Elizabeth V Total Hip Replacement Gives Woman Her Life Back

“It’s been a big change from before [my hip replacement] to after. I feel amazing."

Elizabeth Vega, 48, of West New York, loves to dance, especially salsa, and to take Zumba classes. However, in her early 40s, she began to experience hip pain while dancing. She went for a medical evaluation and was told by a doctor that she had arthritis and would eventually need to have one or both of her hips replaced.

“I continued with my life, but with time my hips started to limit my social life and athletic ability,” says Elizabeth, who works as Supervisor for Radiology Scheduling at the Barnabas Health Ambulatory Care Center in Livingston.

Arthritis like Elizabeth’s also referred to as a degenerative joint disease, is the prime cause of the breakdown of hip cartilage. The condition causes the bones in the hip joint to begin to rub against each other. It creates pain and stiffness as well as deformities such as bone spurs.

It wasn’t until Elizabeth developed a limp, fell down the stairs at work, and experienced limits to her walking that she seriously considered a hip replacement, known as total hip arthroplasty.

Next Steps

Richard Yoon, MD

During total hip arthroplasty, a surgeon removes the damaged hip joint and replaces it with an artificial joint, often made from metal and plastic components. The procedure is designed to improve range of motion and function and ease pain in a damaged hip. This surgery is recommended when severe pain and stiffness limit activity, interfere with sleep, and cannot be relieved by medication.

Elizabeth consulted with Richard Yoon, MD, a member of RWJBarnabas Health Medical Group and Director, Orthopedic Research at Jersey City Medical Center (JCMC), which Elizabeth chose due to its proximity to her West New York home. Formerly a physician herself in Colombia, Elizabeth admired Dr. Yoon’s demeanor and was impressed with his knowledge and professionalism.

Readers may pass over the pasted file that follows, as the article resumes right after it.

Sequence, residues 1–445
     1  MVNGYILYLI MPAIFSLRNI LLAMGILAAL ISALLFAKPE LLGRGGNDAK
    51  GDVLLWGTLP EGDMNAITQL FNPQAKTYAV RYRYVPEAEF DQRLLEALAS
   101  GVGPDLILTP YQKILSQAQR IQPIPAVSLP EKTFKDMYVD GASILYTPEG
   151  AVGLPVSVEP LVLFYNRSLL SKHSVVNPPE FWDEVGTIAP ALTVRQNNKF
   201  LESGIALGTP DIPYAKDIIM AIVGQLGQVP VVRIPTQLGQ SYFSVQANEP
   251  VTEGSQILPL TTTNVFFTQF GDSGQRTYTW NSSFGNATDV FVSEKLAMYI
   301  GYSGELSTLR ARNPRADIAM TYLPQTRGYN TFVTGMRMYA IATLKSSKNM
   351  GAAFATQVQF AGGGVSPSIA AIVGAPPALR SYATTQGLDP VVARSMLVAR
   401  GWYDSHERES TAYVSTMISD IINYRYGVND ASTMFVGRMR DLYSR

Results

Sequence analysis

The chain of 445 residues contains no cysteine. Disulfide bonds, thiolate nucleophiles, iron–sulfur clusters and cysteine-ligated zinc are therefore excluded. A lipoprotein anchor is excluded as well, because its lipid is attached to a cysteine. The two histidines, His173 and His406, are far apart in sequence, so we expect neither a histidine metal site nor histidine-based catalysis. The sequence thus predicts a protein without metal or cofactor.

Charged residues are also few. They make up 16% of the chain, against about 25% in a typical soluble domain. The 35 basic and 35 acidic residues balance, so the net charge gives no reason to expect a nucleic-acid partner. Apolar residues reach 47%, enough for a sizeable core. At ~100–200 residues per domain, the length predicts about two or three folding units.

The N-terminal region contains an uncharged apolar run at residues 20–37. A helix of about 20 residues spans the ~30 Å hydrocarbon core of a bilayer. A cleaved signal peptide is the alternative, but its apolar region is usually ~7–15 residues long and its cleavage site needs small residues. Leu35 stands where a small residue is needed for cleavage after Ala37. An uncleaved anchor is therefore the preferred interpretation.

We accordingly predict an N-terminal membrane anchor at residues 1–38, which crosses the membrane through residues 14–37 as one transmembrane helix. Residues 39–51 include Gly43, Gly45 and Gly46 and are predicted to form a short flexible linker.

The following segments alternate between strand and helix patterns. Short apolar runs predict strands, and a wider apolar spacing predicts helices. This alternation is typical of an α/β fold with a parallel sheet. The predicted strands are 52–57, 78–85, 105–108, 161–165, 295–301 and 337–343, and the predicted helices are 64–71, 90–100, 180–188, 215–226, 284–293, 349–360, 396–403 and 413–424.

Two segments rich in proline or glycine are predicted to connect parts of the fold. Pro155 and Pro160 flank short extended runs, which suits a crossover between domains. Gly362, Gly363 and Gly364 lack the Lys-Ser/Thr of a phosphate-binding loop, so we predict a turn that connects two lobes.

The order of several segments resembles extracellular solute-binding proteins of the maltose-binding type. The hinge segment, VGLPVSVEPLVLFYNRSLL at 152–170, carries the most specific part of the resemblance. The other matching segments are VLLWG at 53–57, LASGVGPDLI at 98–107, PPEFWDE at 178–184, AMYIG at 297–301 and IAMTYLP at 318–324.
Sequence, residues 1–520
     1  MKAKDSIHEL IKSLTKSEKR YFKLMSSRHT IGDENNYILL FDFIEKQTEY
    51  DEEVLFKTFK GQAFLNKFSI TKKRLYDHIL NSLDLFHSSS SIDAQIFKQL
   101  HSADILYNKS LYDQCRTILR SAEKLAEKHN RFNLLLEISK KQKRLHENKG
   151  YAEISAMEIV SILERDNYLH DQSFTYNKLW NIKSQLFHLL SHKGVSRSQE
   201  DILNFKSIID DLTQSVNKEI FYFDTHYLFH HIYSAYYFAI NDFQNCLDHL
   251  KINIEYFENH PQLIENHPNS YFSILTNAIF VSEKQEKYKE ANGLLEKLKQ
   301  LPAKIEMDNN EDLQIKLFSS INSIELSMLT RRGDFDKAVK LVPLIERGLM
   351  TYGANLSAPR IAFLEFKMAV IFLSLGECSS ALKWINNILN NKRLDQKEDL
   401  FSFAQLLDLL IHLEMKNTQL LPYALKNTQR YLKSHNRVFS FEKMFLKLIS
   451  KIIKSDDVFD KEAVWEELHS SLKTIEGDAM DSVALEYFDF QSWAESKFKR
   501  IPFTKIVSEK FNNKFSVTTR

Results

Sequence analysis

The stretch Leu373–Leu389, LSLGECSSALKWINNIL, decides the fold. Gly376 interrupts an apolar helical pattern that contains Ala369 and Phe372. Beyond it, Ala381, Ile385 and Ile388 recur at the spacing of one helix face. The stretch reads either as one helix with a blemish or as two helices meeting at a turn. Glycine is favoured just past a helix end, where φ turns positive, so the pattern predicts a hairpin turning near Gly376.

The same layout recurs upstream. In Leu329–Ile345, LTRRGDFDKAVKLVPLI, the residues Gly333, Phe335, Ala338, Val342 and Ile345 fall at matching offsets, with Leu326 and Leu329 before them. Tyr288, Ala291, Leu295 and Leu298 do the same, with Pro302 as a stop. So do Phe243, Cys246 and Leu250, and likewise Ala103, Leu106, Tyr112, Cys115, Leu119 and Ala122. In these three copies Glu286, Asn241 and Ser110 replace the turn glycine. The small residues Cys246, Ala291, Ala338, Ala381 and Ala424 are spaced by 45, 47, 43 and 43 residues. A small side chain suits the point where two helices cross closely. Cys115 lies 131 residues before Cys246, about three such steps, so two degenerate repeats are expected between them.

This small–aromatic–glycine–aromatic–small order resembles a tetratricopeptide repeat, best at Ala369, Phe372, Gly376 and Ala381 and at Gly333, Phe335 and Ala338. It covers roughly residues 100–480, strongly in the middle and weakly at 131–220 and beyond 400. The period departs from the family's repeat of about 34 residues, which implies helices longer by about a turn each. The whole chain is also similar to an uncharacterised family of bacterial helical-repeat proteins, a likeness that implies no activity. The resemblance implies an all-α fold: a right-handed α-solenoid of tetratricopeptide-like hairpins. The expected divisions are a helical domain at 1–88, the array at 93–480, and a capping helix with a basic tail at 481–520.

“I wanted to be confident that I could trust the physician who would do my surgery and that the surgeon had plenty of experience performing it with positive results,” she says.

Traditionally, surgeons have performed total hip arthroplasty using what’s known as the posterior approach, with an incision through the back of the hip. This method provides the surgeon with high visibility of the joint and precise implant placement.

For Elizabeth, however, Dr. Yoon recommended that her right hip be replaced using the anterior approach, in which an incision is made in front of the hip. Because it does not require that muscles and tendons be cut, this technique minimizes complications, aids rapid recovery, and involves less pain.

“The anterior method is especially useful for active, younger patients like Liz who are eager to return to work and want a faster recovery,” Dr. Yoon explains, “but we also use it on older patients who want to remain active. The implants can last for 30 to 35 years.”

Dr. Yoon also continues to use the posterior approach. “It’s easy to do and more suitable for patients who are obese or at higher risk due to conditions such as Parkinson’s, dementia, or hip fracture,” he explains.

Dancing Again

Elizabeth’s surgery was set for March, but due to COVID-19, it was rescheduled three times and finally performed in June.

Despite the pandemic, Elizabeth felt protected and safe at JCMC, where all precautions were thoroughly explained to her. “Dr. Yoon and his staff provided excellent care and were helpful and knowledgeable,” she says.

Elizabeth had been worried that she might be in pain and unable to move after surgery, but she was pleasantly surprised.

“I was walking the next day, and my pain was tolerable. My scar was also smaller than I thought,’’ she recalls.

She underwent two weeks of physical therapy at home, then six weeks of outpatient therapy at JCMC. “They are a great team, caring and passionate in promoting your recovery,” she says.

By six weeks after surgery, Elizabeth was surprised at how easy it had been to recover the strength and movement of her leg.

“I have gained back my life. I walk a lot, which I could not do before,” she says. “I can dance and drive, and I’ve started to get back in shape and lose weight.”

Elizabeth has regular follow-up appointments with Dr. Yoon, who has continued to be a dedicated partner.

“It’s been a big change from before to after. I feel amazing,” she says.

“This is the reason I went into surgery,” Dr. Yoon admits. “I had a patient—who previously couldn’t change her socks or walk without resting—come in to see me. She was no longer leaning on a cane and had a smile on her face.”

Orthopedic Services Close to Home

Jersey City Medical Center offers the latest diagnostic and surgical technologies for orthopedic patients at two convenient locations:

Medical Office Building at Jersey City Medical Center
377 Jersey Avenue, Suite 280-A
Jersey City, NJ 07302

Newport Location
100 Town Square Place, Suite 208
Jersey City, NJ, 07310

Learn more about orthopedic services at Jersey City Medical Center. To make an appointment, call 844.63.ORTHO (844-636-7846).